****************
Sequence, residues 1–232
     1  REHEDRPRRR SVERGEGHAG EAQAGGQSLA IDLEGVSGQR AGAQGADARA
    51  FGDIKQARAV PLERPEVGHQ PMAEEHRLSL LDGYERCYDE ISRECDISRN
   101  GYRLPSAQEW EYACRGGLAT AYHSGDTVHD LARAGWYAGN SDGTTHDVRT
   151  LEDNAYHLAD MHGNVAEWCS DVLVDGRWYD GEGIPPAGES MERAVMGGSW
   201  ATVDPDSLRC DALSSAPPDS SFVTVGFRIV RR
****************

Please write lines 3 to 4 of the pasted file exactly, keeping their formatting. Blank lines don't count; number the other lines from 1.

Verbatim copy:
    51  FGDIKQARAV PLERPEVGHQ PMAEEHRLSL LDGYERCYDE ISRECDISRN
   101  GYRLPSAQEW EYACRGGLAT AYHSGDTVHD LARAGWYAGN SDGTTHDVRT